If you read Part One of my trip, you probably don’t want me to revisit my complaints about riding a heavy bike.
I had all the reasons in the world to take the next day off, but sneaking another ride in over new ground proved to be enough of a temptation I couldn’t resist.
Although I lived in the East Bay for six years, little of it was done by bike, at least one that could handle any serious climbing.
Last year I was pleasantly surprised to ride by the Redwoods and since I was staying nearby in Castro Valley, I wanted to have that opportunity again.
On top of my tiredness, I was a bit constricted by the fact that I needed to be showered, packed and arrive at Oakland Airport to pick up my wife and CV Jr. by nine o’clock.
I set my alarm for 5 a.m., but I somehow woke up on my own earlier than that which is a wash in terms of productivity at that hour.
My route was mainly up Redwood Lane which other than seeing thousands of rides going that route on Strava, I didn’t know much else.
Leaving pre-dawn, I was a bit scared of early morning traffic even with lights, but with no cars passing after a considerable amount of time, I accepted that this would be a nice quiet ride on this Veteran’s Day.
Normally, it can be tough riding at dark when there are no streetlights, but since my start involved a lot of climbing, I didn’t have to worry too much about cracks in the road.
Did I mention I was riding 38s?
The slow pace dictated by the ascent was welcoming as the elevation not only opened up the surrounding landscape, but allowed me to focus on the rising sun.
Not a good camera at speed day.
One of the most underrated things about the Bay Area is the expansive greenbelt that surrounds all three major cities.
This allows for miles of wide open space as civilization gets packed below.
Not only did the sunlight start to reveal the reservoir below, but also an endless stretch of rolling hills to the east.
Along the way, I passed a couple of entry points to Chabot Park, but my real interest was continuing on to the Redwoods.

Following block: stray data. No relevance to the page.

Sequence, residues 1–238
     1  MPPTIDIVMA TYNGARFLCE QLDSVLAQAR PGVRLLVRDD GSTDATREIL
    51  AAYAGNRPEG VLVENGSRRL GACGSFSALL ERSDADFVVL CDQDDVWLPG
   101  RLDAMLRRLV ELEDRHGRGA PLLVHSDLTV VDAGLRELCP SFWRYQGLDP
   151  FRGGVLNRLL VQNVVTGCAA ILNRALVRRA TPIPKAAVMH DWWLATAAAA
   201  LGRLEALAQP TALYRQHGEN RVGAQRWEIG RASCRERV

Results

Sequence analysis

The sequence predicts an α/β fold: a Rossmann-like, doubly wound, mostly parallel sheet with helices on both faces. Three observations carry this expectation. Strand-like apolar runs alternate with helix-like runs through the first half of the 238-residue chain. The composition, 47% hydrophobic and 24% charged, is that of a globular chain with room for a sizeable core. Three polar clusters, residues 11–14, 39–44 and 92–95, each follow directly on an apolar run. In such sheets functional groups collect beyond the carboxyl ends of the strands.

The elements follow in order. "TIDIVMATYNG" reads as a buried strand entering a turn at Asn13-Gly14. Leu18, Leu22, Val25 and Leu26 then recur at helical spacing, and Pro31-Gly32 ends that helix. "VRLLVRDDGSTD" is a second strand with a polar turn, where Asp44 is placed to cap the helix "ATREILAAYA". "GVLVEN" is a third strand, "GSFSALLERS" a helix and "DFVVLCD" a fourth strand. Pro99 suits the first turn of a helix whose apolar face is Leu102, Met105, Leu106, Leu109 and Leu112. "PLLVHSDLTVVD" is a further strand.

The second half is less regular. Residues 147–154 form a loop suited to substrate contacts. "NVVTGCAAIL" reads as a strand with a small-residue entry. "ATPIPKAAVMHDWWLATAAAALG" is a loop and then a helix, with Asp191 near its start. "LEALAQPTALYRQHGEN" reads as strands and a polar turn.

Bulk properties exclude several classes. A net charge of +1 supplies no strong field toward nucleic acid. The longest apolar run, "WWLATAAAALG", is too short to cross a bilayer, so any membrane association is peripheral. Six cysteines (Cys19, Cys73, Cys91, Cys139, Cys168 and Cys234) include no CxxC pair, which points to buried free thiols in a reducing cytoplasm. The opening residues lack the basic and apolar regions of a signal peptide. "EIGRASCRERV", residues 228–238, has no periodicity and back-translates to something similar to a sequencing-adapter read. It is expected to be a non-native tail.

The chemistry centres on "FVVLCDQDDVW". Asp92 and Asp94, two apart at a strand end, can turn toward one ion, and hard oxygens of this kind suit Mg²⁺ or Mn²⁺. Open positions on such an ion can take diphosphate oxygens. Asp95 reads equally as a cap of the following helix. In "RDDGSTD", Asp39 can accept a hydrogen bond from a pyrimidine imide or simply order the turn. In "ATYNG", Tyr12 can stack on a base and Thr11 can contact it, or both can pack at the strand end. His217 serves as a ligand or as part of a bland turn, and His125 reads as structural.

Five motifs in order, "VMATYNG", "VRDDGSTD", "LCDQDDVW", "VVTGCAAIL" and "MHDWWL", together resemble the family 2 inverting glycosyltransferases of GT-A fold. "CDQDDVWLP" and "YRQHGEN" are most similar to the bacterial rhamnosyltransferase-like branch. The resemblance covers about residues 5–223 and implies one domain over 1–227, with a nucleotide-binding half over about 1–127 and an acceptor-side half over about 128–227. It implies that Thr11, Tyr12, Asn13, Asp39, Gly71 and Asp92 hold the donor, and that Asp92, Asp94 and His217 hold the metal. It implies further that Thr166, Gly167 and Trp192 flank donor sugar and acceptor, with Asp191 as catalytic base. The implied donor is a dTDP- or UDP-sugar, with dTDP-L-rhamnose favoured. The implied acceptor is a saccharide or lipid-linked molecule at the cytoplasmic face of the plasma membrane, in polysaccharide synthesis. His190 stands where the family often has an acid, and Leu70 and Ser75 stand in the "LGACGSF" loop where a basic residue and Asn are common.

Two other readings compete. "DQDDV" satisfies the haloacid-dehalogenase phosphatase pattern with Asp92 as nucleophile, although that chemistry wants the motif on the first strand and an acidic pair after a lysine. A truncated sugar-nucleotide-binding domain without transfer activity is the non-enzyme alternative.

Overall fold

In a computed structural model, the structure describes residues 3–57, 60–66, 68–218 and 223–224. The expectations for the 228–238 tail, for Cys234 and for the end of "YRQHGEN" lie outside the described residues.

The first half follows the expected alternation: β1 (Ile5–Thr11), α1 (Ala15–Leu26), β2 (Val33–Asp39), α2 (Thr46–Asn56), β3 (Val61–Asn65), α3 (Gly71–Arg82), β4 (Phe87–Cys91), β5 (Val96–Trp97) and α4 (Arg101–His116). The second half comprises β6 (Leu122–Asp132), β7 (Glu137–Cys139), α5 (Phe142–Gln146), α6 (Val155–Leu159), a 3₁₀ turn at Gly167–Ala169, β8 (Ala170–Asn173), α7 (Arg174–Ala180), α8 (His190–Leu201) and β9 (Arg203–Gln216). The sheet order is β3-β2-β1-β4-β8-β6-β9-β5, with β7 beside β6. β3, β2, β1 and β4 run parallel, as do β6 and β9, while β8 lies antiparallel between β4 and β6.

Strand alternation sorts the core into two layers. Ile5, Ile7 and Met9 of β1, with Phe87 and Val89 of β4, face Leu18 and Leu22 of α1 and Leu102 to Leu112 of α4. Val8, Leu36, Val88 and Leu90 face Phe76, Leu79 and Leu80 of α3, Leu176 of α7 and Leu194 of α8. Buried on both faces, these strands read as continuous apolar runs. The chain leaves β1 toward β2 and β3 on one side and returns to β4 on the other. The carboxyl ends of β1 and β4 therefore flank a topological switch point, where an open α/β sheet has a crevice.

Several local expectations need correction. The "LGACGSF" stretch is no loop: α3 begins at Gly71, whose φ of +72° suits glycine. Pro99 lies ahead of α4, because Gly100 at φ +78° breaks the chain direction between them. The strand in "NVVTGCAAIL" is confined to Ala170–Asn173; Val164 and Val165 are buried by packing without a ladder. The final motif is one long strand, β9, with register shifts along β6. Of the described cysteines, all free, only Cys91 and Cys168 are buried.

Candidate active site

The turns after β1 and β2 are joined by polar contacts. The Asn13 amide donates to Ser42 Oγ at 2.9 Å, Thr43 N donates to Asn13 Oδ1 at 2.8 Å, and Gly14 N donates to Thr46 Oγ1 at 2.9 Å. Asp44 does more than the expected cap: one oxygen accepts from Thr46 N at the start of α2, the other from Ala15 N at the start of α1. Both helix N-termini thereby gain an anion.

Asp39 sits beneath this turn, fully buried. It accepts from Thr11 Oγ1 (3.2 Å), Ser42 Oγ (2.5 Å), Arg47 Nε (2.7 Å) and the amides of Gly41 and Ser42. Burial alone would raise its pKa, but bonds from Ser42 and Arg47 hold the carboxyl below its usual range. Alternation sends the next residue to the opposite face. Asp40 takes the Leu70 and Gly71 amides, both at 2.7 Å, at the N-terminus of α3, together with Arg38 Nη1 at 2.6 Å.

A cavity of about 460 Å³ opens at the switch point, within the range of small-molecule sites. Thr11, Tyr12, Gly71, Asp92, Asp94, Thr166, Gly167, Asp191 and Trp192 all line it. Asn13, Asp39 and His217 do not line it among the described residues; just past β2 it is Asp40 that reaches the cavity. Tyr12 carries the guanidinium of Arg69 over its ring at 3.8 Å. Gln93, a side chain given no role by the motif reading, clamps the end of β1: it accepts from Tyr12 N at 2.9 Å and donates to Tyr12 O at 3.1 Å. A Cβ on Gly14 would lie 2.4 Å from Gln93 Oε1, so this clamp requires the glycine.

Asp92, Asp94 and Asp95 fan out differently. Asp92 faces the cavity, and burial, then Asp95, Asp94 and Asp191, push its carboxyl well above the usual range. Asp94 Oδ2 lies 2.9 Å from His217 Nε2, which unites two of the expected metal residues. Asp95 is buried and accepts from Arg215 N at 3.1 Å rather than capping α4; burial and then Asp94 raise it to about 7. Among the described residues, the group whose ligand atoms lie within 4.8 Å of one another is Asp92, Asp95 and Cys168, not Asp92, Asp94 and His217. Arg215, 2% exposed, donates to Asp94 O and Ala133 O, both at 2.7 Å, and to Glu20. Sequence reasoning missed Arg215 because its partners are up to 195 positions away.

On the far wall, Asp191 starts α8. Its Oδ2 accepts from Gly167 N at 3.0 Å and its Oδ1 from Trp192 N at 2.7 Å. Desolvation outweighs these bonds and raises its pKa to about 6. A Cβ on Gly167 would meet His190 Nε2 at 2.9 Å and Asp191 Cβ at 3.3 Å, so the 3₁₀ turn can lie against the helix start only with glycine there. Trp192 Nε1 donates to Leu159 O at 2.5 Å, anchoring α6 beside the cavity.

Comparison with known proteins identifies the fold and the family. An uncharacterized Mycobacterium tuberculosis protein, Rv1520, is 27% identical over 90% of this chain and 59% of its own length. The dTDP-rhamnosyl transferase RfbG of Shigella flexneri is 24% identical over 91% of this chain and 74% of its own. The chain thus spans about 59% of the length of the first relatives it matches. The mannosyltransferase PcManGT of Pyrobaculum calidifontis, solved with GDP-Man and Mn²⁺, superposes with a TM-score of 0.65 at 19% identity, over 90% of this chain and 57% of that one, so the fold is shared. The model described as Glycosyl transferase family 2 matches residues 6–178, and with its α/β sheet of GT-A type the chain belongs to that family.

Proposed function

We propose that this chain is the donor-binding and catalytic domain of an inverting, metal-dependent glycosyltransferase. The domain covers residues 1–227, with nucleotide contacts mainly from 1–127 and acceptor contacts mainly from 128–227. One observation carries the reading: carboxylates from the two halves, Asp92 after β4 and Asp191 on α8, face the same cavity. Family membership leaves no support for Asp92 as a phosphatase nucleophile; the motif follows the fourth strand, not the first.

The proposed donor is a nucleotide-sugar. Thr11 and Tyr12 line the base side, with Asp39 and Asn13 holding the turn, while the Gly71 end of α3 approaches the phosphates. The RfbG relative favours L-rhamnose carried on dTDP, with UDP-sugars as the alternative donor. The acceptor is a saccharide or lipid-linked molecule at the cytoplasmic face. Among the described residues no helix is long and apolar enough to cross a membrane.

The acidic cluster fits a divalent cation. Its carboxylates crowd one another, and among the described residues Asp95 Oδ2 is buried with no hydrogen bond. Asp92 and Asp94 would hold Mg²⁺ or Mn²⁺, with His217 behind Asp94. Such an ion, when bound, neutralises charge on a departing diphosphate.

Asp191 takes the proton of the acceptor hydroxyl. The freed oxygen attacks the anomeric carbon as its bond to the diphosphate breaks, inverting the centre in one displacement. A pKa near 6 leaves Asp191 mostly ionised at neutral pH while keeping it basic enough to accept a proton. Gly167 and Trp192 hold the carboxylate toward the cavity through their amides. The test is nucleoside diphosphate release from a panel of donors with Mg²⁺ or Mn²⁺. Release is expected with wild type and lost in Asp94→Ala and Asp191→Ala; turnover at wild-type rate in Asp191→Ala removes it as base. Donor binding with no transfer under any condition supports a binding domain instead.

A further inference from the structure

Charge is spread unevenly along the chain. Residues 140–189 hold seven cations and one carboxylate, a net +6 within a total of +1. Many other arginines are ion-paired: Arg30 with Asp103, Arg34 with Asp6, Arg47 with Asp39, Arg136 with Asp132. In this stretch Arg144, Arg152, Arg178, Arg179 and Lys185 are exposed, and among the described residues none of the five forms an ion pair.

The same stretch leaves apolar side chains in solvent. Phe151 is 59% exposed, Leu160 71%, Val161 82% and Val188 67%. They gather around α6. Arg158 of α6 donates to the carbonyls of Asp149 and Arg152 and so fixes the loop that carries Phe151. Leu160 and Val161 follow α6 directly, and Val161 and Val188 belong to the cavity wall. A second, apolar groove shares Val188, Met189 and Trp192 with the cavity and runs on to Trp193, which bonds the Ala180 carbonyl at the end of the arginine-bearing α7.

I had a slightly chilly descent for two miles that placed me at the intersection of Pinehurst Road, part of the gorgeous route I descended last year.
Man, I was super curious to explore more there, but being in a positive mind frame, I told myself that gave me another reason to return.
My prized Redwoods started to appear shortly after, as did the entrance to Redwood Regional Park.
Even the park’s sign feels woodsy
Needless to say, I had the park all to myself which was a perfect way to experience it.
Sure, there were park benches and playgrounds sprinkled in, but all under the cover of trees.
It felt like being in the Pantheon, but with no one else.
Bike small. Trees big.
I didn’t go deep, but I really didn’t have to.
There was the 8.2 mile Ridge Trail Loop which I could have ridden, but it was lightly muddy which wouldn’t have played well going to the airport and time was becoming a factor too.
That was fine because even the few minutes I spent there enough.
I couldn’t stop thinking about what if I lived here again? Would I just keep coming back day after day?
The convenience of such a place so close to an urban area seems unreal to the point that you think one of those science fiction portals were involved.
As I started my return, I could stop using words like dawn and sunrise to describe the surrounding as it truly felt like morning.
The sunlight softened the edges of the foliage as time and speed weren’t considerations as I headed back down.
Just a morning palette of greens and yellows.
Sure it was just twenty five miles not at my best, but it was a great way to cleanse the lungs for the start of the day.
Does this mean CiclaValley is thinking about changing zipcodes?
No, I love it here too much.
But if I ever had to leave, I wouldn’t have to think long and hard where I’d go.
Tomorrow: Berkeley Family Ride